Objective: Osteoporosis-related costs are now considered a major burden for health authorities in most developed countries. An accurate and exhaustive evaluation of these costs would be a major contribution to health economic studies evaluating the efficiency of screening and prevention strategies. Osteoporosis is the most frequent underlying cause of femoral neck fractures in the elderly; these fractures weigh heavily on healthcare budgets. However, in Belgium, very few data on the financial burden of hip fractures are available and no updated estimates have been made. The goal of this paper is to estimate the direct medical expenditures associated with hip fractures in Belgium in 1996.
Design and setting: This 1-year population-based cross-sectional study is conducted from the social security perspective. The target population in this study are men and women aged 60 years and over.
Patients and participants: We selected patients who had been hospitalised for a hip fracture during the year 1996 who were also affiliated with a registered social security organisation (covering 25% of the Belgian population). The sample constituted 2374 patients.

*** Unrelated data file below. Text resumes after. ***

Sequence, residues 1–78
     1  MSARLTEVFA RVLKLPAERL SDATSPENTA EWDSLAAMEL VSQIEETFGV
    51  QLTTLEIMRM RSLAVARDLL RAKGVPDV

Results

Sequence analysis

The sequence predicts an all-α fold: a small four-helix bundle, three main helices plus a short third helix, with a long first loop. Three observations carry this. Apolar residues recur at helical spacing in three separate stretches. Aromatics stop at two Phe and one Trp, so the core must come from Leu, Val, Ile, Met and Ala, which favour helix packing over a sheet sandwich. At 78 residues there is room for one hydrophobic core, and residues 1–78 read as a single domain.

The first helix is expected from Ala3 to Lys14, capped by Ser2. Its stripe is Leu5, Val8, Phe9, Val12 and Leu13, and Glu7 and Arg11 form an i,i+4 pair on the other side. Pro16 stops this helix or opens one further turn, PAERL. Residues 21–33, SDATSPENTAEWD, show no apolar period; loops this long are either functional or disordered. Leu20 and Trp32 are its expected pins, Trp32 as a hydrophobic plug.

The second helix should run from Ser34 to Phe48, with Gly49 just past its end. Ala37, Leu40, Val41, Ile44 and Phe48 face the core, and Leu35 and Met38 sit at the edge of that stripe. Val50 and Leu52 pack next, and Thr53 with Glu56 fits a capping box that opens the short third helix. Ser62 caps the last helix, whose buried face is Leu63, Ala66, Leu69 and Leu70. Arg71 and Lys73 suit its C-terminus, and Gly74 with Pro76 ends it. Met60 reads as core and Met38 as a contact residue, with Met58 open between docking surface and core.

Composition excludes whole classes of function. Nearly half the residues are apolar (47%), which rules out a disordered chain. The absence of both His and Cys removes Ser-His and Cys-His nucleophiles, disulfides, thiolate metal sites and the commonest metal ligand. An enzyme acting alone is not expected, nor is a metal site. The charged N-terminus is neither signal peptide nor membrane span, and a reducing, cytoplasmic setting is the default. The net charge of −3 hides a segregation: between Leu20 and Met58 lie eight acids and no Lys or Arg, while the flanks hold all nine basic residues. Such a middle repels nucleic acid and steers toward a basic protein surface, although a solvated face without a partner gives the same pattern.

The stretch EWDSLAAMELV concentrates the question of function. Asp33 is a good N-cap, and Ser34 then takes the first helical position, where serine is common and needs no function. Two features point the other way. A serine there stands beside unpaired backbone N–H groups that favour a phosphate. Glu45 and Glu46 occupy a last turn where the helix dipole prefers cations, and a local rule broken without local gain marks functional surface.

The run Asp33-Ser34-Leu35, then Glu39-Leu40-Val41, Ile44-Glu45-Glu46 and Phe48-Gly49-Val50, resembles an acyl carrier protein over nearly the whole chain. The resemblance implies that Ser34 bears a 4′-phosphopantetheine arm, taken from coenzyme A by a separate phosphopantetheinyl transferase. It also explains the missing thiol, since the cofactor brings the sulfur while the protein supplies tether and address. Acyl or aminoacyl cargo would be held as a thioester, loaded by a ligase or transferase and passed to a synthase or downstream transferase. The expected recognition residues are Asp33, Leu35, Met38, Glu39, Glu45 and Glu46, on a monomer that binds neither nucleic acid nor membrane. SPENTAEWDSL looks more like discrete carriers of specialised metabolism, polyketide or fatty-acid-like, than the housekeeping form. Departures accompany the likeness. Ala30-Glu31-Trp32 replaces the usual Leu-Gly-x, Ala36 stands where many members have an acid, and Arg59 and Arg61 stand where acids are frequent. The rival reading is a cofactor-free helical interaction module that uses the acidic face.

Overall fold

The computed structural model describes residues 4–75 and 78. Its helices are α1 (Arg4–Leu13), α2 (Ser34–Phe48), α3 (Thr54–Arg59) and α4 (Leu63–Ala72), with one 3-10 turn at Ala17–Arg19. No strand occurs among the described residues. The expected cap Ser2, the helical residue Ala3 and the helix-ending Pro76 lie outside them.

Interventions: For each of these patients, we collected an exhaustive and detailed list of healthcare resource use as well as nursing home admissions following the hip fracture event. Cost items investigated in the analysis were inpatient hospital costs and outpatient costs. Mean annual costs per case recorded in the sample were then extrapolated to the whole country on the basis of an exhaustive list of diagnoses having lead to all countrywide hospitalisations (1700000 hospital stays/year).
Main outcome measures and results: The mean hospital inpatient costs for hip fracture were evaluated at 332 148 Belgian francs (BeF) [$US8977] per case and BeF4 367 746 200 ($US118 047 194) for the whole country (10 million inhabitants). Patients with a hip fracture experienced an annual BeF27 825 ($US752) extra outpatient cost during the year following this fracture event, after correcting for costs related to additional comorbidity already present before the hip fracture. Finally, after a proximal femoral neck fracture, the rate of nursing home admission was higher, both for men and women at any age compared with age- and gendermatched population.
Conclusions: With a total cost (acute hospital and outpatient costs) of BeF4 667 894 950 ($US126 159 323) per year in Belgium, proximal femoral neck fracture should be considered a major health economic problem and appropriate measures to prevent this disease should be rapidly undertaken.